Dorking, Crawley, Horsham, Redhill and Reigate areas
Why plant a hedge?
Hedges form an attractive boundary, as well as providing a place for wildlife, especially nesting birds. Hedges are an attractive way to provide privacy around a house, there are also other reasons why they can be a better choice over walls and fencing.
Hedges are an attractive way to provide privacy around a house, there are also other reasons why they can be a better choice over walls and fencing.
Insects, butterflies and birds love them! Hedges give shelter to a variety of animals as well providing them with food such as berries.
Also a hedge will still need regular trimming. It will be less costly compared to painting/staining a fence and won't rot or break like fencing will in time.
Not only will hedges provide a wind barrier they also filter the air and calm it, whereas with a wall or fence the wind goes against it.
Disguising unattractive areas
Hedging can quickly mature to block the view of overlooking windows. It can also be used to screen off bin areas or compost bins.
Defensive planting can be a great way to deter thieves and you can get attractive thorny bushes the provide colour as well as some added security.
Dense hedging can help reduce noise levels and absorb air pollution.
The beauty of hedging can be the attractive change of colours through the seasons. Hedging comes with a variety of coloured leaves: copper, lime, green, grey, yellows, cream and reds.
When is the best time to plant a hedge?
Autumn is the best time to plant hedge rows. The soil is nice and warm still, not inundated with water and easy to dig. Early autumn is ideal for hedging plants such as box, privet (semi-evergreen) and yew. However, they can be planted at any time from late autumn until late winter Deciduous hedges such as beech, hawthorn and hornbeam can be planted any time from leaf fall. This is typically from mid-autumn until late winter.
What is the best hedging for my garden?
There are a variety of hedging types to look at depending on your particular need or situation. We have outlined below some of the most common hedging types: Instant hedging; screening trees, pot grown hedge plants, bare root hedging, low hedging and Native hedging.
If your budget allows, instant hedging is the perfect way to create an instant impact in your garden. Instant hedging can come in pots, troughs or 1m hedging bags with handles.There are a variety of hedging plants that are available in this form such as Native mix hedging, Laurel, Beech, Box, Hornbeam and Thuja. Instant hedging is perfect for screening off your boundary, softening fence lines or for instant privacy. There are many benefits to hedging that is already established. The plants in troughs will already be spaced out for you; you can double plant to get a very dense hedge. When planted, trim across the top to give you a uniform height and an instant effect! Great for wind or sound reduction. Planting native mix hedging is great for our wildlife. Your instant hedge will add security and will act as a deterrent.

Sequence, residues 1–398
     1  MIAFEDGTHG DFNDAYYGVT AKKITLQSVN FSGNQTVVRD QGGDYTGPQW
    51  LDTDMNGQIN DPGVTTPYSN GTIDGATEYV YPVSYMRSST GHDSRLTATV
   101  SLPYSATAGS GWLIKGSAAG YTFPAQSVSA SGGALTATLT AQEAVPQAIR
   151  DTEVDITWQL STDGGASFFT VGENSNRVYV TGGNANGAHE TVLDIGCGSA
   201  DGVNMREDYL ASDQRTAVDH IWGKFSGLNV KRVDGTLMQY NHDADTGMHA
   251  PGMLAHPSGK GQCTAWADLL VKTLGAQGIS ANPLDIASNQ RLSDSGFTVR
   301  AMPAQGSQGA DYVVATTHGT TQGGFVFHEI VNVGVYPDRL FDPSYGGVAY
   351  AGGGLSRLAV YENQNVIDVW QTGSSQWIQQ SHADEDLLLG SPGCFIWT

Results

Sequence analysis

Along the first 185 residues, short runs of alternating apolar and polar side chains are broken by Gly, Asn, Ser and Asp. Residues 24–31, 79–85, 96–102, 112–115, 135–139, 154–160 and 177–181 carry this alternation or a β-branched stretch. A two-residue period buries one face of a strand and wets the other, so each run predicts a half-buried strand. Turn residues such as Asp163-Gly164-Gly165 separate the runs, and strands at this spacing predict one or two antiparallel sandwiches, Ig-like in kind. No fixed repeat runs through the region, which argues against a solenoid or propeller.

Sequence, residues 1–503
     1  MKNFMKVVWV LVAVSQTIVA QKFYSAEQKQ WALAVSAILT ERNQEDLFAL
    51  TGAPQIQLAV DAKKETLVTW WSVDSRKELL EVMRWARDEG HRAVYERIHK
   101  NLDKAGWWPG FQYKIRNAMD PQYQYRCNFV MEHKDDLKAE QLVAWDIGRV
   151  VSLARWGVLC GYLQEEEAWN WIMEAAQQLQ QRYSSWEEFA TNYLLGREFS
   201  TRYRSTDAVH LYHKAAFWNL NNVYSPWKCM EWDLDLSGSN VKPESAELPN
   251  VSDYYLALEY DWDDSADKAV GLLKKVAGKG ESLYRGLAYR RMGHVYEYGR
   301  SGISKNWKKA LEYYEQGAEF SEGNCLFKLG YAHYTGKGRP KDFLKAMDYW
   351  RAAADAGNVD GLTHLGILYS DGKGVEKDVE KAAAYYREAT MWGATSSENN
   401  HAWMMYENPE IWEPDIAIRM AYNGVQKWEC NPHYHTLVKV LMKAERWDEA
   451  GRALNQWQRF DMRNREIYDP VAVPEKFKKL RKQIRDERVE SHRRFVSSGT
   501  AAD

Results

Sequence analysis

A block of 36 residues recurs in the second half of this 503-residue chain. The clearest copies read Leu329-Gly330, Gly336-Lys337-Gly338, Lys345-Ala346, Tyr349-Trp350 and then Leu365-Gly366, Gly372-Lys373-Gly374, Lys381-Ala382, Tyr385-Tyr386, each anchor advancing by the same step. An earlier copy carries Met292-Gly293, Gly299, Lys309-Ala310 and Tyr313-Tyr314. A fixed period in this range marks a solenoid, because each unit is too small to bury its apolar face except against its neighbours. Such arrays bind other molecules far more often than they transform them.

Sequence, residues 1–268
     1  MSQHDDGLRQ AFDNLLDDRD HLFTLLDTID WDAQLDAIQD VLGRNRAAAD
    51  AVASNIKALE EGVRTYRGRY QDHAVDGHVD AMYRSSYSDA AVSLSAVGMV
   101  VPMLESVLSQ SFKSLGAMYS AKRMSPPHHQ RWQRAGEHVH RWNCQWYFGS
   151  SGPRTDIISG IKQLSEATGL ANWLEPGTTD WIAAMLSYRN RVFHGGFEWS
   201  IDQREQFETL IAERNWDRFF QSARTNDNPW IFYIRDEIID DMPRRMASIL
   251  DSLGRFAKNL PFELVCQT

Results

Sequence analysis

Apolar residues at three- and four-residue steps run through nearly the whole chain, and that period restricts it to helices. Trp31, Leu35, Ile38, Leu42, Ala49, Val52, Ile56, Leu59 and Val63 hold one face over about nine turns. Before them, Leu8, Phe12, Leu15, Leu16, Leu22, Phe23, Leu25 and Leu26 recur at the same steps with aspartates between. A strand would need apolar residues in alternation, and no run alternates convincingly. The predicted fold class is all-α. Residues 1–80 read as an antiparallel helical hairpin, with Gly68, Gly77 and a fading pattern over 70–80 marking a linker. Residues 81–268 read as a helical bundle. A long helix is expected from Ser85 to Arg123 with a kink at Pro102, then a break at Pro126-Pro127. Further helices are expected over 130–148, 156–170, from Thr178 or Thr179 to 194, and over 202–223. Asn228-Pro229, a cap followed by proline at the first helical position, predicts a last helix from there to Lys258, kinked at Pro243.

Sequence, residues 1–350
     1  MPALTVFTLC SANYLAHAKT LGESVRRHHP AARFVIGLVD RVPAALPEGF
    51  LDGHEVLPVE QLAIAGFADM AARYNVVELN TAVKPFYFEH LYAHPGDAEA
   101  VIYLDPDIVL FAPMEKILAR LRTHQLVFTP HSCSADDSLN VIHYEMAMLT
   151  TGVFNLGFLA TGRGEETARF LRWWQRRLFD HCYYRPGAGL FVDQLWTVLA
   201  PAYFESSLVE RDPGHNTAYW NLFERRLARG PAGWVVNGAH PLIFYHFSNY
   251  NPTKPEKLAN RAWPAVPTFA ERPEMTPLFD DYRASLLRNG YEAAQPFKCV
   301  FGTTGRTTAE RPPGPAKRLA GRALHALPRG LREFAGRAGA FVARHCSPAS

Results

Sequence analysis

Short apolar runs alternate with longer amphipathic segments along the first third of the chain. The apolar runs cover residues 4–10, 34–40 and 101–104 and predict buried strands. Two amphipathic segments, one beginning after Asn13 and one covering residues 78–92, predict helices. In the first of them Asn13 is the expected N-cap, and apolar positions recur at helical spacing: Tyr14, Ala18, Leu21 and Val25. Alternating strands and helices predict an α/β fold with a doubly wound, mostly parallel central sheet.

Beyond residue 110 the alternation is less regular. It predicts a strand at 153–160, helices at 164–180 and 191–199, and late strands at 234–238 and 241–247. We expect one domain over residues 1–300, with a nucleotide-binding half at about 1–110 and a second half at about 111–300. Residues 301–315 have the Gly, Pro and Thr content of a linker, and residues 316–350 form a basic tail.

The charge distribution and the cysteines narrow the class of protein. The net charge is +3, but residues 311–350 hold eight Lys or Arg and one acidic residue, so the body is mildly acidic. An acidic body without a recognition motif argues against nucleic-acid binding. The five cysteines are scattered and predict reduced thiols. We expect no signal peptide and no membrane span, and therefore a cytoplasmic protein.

If the problem that you face is lack of privacy in your garden or unsightly and imposing views then there are a few ways that you can achieve a good level of screening. Although more costly, panel-pleached trees (as shown in the photo above) can be an instant and elegant solution to this problem. They are excellent for screening up to about 3.5m high. Hornbeam and beech are popular choices. They partially loose their leaves in winter, although as they mature this lessens. Evergreen varieties that are available include Red Robin Photinia, Magnolia Grandiflora and Quercus Ilex. Another option is to mix a range of evergreen and deciduous trees which can add some interest as well as draw the eye away from the views behind. In this case a mixture of heights works well.
Hedging plants are a cheaper alternative to instant hedge troughs. They form an attractive boundary and provide privacy. When kept under control they make an effective hedge. As well as providing a boundary to your garden or softening fence panels, hedging is enviromentally friendly and perfect for nesting birds and wildlife. Conifers are a popular choice and despite the bad press when kept under control they make an effective hedge. Buxus and Taxus are often used for formal hedging. Hawthorn or Viburnum can be chosen for their colourful foliage. Aftercare Remember to keep plants well watered for dry spells over the next two years after planting. Keep the hedge on each side weed free- about 18 inches each side. Top-dress annually with a general-purpose fertiliser.
Bare Root Hedging
Bare root hedging is available from November to March. There is a wide range of bare root plants and they are significantly cheaper than the instant hedging or container grown material. The more important point to mention is that the roots must not be exposed to the sun or wind between being lifted and planted. So the roots must be kept covered until you are ready to plant.
Hedging species are very useful for forming low barriers in a garden –sometimes low hedging is better than taller hedging – if the hedge length is short, if a tall hedge would take up too much width, if it would create too much shade or be too difficult to maintain. Low hedging is also very useful to separate off areas without forming structural barriers eg around a veg garden.
Plants are defined as “native” if they grew here before the formation of the English Channel. The benefits of planting with native hedging species are: You can be sure they are acclimatised to UK weather conditions, and soils and have low maintenance requirements. Once established, native plants usually withstand long periods of dry weather.